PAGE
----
- This happened in January when WTI and Brent fell below $30 per barrel. The correlation between oil prices and the S&P 500 hit a multiyear high on January 21 at 0.97, when oil dropped to its lowest level in more than a decade. Oil prices has traditionally moved inversely to stocks.
- The negative relationship resumed towards the end of the first quarter as oil prices started to rebound. By July, the correlation dropped to -0.77.
- But the correlation narrowed to -0.36 on August 5, which reflects growing concerns about the carnage in the oil markets spilling over into debt and equity markets.

5. $158 billion in capex cuts in 2017

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- The U.S. Lower 48 oil and gas industry is expected to see $250 billion in spending cuts through 2020, a full quarter of the $1 trillion in capex cuts expected worldwide over that timeframe, according to Wood Mackenzie.
- Between 2016 and 2017, the global industry will slash $370 billion, and $150 billion will come from the Lower 48. That is more than three times the total seen in any other country.
- Half of the U.S. cuts came from the Bakken and the Niobrara.
- Wood Mackenzie estimates that the world will lose 4.2 million barrels per day because of the spending reductions by 2020, and 70 percent of those losses will come from the U.S. The Bakken and the Eagle Ford will bear the brunt of those losses.

6. Saudi oil production at record high

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- Saudi Arabia’s oil production rose to a record high in July, hitting 10.67 million barrels per day, or about 300,000 barrels per day higher than the same month a year earlier.
- Saudi Arabia burns crude oil, residual fuel oil and diesel for power generation, and since demand tends to spike in the summer because of air conditioning needs, production is typically ramped up seasonally as well.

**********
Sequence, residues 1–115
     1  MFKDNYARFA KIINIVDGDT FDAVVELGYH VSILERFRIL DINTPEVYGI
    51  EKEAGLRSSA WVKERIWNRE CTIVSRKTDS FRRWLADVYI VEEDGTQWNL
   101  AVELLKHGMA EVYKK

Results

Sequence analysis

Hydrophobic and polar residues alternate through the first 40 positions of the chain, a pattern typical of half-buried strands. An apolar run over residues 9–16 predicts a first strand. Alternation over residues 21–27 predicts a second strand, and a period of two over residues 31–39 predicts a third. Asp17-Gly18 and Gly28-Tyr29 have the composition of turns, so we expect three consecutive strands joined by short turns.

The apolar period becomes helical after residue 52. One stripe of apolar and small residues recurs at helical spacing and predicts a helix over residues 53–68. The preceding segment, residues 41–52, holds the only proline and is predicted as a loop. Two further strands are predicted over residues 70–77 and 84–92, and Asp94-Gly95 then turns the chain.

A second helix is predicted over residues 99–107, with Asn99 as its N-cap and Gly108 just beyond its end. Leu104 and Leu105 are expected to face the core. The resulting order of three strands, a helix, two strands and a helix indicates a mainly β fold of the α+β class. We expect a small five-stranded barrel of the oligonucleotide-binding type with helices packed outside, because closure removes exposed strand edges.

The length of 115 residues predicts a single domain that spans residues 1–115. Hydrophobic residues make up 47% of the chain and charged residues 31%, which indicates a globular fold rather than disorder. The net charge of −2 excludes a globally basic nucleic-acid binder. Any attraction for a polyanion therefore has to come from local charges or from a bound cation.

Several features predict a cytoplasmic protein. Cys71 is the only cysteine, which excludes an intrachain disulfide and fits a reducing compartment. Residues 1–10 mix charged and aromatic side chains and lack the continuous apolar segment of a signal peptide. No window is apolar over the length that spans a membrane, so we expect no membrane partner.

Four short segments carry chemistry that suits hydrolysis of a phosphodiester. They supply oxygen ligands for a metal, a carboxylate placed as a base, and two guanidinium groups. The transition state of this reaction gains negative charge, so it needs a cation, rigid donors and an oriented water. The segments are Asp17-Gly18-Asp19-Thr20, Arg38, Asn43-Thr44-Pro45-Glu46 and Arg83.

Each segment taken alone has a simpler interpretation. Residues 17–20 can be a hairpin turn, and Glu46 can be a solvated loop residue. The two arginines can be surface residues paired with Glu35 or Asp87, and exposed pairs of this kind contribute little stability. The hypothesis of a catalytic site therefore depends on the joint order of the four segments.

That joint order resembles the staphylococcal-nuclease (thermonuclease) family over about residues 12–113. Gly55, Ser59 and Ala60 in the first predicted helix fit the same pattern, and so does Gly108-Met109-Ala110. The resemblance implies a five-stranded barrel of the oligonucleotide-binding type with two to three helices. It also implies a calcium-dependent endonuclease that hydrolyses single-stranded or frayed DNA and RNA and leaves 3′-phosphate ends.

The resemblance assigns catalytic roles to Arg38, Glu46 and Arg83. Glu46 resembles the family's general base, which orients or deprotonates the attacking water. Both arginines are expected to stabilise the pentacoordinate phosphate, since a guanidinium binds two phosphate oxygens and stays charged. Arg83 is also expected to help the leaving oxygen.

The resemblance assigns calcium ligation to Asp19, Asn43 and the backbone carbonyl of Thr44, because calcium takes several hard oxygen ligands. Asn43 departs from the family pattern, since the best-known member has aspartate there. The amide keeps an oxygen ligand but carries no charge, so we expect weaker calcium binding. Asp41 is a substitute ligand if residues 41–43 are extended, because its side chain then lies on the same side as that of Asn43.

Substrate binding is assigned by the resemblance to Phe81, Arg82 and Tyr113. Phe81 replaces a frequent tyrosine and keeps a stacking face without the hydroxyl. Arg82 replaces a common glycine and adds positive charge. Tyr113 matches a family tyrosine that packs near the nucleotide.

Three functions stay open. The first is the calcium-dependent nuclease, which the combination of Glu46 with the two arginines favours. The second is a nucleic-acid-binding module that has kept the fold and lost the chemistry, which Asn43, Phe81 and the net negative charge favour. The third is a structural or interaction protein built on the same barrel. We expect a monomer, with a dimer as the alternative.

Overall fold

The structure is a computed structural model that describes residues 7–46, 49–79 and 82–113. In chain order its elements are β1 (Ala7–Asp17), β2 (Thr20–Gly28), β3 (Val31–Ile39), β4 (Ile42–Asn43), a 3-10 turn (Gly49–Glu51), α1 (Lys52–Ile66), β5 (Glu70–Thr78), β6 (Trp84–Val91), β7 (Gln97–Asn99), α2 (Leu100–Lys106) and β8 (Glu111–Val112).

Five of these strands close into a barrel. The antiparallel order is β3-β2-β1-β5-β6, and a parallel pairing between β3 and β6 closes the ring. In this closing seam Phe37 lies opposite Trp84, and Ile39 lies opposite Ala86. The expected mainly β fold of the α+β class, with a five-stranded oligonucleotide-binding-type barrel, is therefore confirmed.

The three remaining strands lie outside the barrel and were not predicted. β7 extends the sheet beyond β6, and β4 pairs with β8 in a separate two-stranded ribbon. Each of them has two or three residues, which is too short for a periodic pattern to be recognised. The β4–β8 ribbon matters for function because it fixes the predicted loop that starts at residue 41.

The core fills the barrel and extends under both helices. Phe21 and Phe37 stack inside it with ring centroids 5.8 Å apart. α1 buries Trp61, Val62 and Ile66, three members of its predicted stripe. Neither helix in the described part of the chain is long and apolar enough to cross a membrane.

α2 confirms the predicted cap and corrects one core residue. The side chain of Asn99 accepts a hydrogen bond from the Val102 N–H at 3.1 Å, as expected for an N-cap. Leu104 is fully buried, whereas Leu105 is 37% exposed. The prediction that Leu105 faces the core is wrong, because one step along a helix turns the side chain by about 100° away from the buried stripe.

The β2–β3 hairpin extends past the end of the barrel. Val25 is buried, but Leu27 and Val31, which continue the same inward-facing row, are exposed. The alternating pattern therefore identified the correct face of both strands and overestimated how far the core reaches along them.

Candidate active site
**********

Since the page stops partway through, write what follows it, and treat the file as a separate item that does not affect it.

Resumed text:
- The country burned 850,000 to 900,000 barrels of crude oil per day in the summer of 2015 for domestic electricity.
- Last month’s record level of crude oil production is not necessarily a problem for oversupplied global markets because most of the additional barrels are likely being burned domestically. Saudi Arabia and much of the Middle East is suffering from a sweltering heat wave, and while data is hard to come by, the country is probably burning all the extra production for air conditioning.

7. Huge accumulation of short positions opens up possibility of rally

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- The overwhelming accumulation of short positions on crude oil recently has created the conditions for a short-covering rally.
- As John Kemp of Reuters notes, the latest short cycle has gone deeper than previous cycles, all of which ended with a liquidation of shorts and a shift to long bets, sparking a rally in oil prices.
- Three previous cycles since 2015 had durations of about 3 months. The current cycle is about 9 weeks old. And with the current cycle’s short positions of about 219 million barrels already exceeding the totals of the previous three cycles (178 million barrels, 163 million barrels, and 201 million barrels), the current cycle is already very mature.
- That suggests short positions could soon be liquidated and oil prices could rebound.

That’s it for this week’s Numbers Report. Thanks for reading, and we’ll see you next week.